ST. PETERSBURG, Fla. -- Michigan State may be the surprise team of the Big Ten and the second-seeded Duke Blue Devils may be a perennial Final Four participant, but Spartans coach Jud Heathcote isn't ready to concede anything as his team heads into the second round of the NCAA tournament.
"We came from the Big Ten, and in our minds, we've played clubs that are every bit as good as Duke," he said. "It's not a question of survival. We're trying to move on."
History says they won't. The Blue Devils have been surprisingly consistent in early rounds of the tournament -- moving into the Final Four seven of the past nine years. They will be heavily favored when they take the floor today in the first of two second-round games at the ThunderDome.
"Tournament experience is very important," Heathcote said, "but are fortunate to have a number of players who have been in the NCAA tournament. We're happy to go in with a win behind us. I know that's a little redundant, since we wouldn't be here if we hadn't won the first game. But I think we were a little nervous in [Friday's] game."
Duke coach Mike Krzyzewski seemed a little nervous after Michigan State had a surprisingly easy time with Seton Hall on Friday night. His team had just bounced back from a tough loss in the ACC tournament to deliver a polished performance against Tennessee State earlier in the evening, but he was impressed with the way the Spartans recovered from an early deficit and bullied Seton Hall in the second half.
"They play hard together," he said. "They don't extend their defense that much, so there is less chance of error. They are very well-coached. I hate to say that about Jud's team, but the fact is, he does know how to coach. He does that pretty well."
Krzyzewski was saying all the right things. He was building up the competition -- for the benefit of the press and for his players -- but the Blue Devils should be able to handle Michigan State and move into the Sweet 16 against the winner of the early game between Kentucky and Marquette.
"We're excited," he said. "We're healthy this year. I really think we've had a better year this year [than 1992-93]. After we clinched the ACC, I think we didn't go after it for a week or a week and a half. Now, we're going after it."
The Blue Devils will have to find a way to neutralize Spartans scoring leader Shawn Respert and slow Michigan State's impressive transition game. The Spartans have to deal with All-American Grant Hill and a supporting cast that seems to step up whenever the opposition clamps down on him.
The first game of today's program also presents an intriguing matchup. Kentucky coach Rick Pitino's full-court pressure defense figures to frazzle the Warriors of Marquette, but the Wildcats could have trouble with Marquette's inside game.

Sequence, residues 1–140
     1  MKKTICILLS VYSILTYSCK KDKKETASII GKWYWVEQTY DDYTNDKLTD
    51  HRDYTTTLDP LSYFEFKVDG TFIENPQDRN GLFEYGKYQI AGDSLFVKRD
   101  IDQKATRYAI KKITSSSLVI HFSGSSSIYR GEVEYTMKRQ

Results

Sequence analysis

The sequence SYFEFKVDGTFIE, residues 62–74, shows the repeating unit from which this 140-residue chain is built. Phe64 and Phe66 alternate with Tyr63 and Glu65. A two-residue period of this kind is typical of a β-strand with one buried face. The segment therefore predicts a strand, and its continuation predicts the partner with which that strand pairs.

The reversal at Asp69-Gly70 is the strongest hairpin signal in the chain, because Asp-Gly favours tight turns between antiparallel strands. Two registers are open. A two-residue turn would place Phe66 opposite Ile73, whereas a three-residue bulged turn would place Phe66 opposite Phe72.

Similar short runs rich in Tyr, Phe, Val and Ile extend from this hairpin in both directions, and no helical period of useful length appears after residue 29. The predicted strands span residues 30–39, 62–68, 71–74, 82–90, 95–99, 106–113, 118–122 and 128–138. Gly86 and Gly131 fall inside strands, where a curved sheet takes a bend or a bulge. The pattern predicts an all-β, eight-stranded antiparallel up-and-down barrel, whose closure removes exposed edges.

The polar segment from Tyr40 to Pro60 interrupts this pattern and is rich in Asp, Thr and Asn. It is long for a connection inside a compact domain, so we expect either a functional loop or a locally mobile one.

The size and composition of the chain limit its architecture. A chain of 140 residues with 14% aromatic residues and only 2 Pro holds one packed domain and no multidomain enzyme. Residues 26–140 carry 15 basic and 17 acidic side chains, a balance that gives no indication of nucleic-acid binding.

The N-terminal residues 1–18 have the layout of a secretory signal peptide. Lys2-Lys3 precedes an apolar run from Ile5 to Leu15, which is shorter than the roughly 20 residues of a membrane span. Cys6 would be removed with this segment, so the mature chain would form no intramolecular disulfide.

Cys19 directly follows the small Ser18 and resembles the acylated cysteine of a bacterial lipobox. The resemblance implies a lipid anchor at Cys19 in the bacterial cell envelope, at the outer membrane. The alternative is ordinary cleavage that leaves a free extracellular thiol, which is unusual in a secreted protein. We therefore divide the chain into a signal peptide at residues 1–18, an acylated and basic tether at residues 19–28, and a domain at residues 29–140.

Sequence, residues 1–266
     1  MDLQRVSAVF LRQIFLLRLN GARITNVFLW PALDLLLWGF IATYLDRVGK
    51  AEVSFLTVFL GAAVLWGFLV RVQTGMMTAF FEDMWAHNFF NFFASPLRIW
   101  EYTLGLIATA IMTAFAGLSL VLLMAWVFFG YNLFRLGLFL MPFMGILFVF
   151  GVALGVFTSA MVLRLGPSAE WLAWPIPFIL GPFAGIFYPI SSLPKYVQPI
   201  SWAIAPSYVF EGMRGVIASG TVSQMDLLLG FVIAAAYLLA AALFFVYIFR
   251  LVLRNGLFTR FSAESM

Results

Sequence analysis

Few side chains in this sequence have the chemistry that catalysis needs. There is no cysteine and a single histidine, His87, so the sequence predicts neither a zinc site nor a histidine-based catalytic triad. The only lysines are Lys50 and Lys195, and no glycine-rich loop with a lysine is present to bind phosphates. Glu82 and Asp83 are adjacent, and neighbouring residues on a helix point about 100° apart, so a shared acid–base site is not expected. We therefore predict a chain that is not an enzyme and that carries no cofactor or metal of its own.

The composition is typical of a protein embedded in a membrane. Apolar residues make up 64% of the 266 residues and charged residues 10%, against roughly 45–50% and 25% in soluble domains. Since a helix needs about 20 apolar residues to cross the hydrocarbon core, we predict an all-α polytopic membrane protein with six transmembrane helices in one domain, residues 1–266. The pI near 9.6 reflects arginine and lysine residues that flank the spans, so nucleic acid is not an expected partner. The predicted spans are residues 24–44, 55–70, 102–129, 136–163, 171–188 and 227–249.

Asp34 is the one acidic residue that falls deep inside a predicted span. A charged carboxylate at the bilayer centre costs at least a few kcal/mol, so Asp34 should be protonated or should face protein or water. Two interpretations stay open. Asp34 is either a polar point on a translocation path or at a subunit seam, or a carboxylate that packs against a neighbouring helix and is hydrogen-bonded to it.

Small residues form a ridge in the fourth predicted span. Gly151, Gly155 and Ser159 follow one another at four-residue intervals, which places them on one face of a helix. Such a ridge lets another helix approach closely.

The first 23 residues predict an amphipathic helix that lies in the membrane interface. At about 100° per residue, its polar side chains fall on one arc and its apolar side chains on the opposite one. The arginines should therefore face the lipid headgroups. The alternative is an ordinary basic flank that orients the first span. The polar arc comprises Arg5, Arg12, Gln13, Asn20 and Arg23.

If wide-bodied forward Damon Key and 7-foot-1 center Jim McIlvaine can control the key, the Wildcats may have to depend heavily on their outside shooting to move into the round of 16.
"We have our work cut out for us," Pitino said. "Marquette is balanced. They have a lot of experience in their junior and senior class. I think that's essential. We'll have to take them out of their game, doing what they do best, in order to beat them."
There is the perception that Kentucky lives and dies with the three-point shot anyway, but Pitino pushed the game inside against Tennessee State in the first round.
"Our three-point shooting is a myth," he said yesterday. "What I mean by that is we don't have all the components like we did last year to have a great three-point system. We shoot about 48 percent from the field. Take away our threes, and we shoot about 55 percent. We really shoot a lot of layups due to our pressure defense.
"It's a myth that benefits us. This year, we've won with defense. We're a young club, and we play very well defensively."
at St. Petersburg, Fla.
3. Kentucky (27-6) vs. 6. Marquette (23-8), 2:30 p.m.
L 2. Duke (24-5) vs. 7. Michigan State (20-11), 5 p.m. approx.
Kentucky-Marquette: The Wildcats clearly have superior talent, but they could have some trouble handling Marquette's bulky inside game. The Warriors can do a lot of damage with 6-foot-8, 245-pound F Damon Key and 7-1 C Jim McIlvaine. Kentucky coach Rick Pitino has gotten a lot of mileage out of the three-point basket this year, but abandoned that strategy against Tennessee State. Look for the Wildcats to try to re-establish their long-range shooting and finesse Marquette in the paint.
Duke-Michigan State: The Blue Devils used a balanced attack to score an 82-70 victory over Texas Southern on Friday, but look for All-American Grant Hill to assume more of the scoring responsibility. Texas Southern keyed on him and allowed Chris Collins and Antonio Lang to take up the slack, but the more talented Spartans don't figure to double- and triple-team Hill the way the Tigers did. If Michigan State can get another big game from G Shawn Respert and G Eric Snow can step up the way he did in the first round, it could be a very interesting matchup.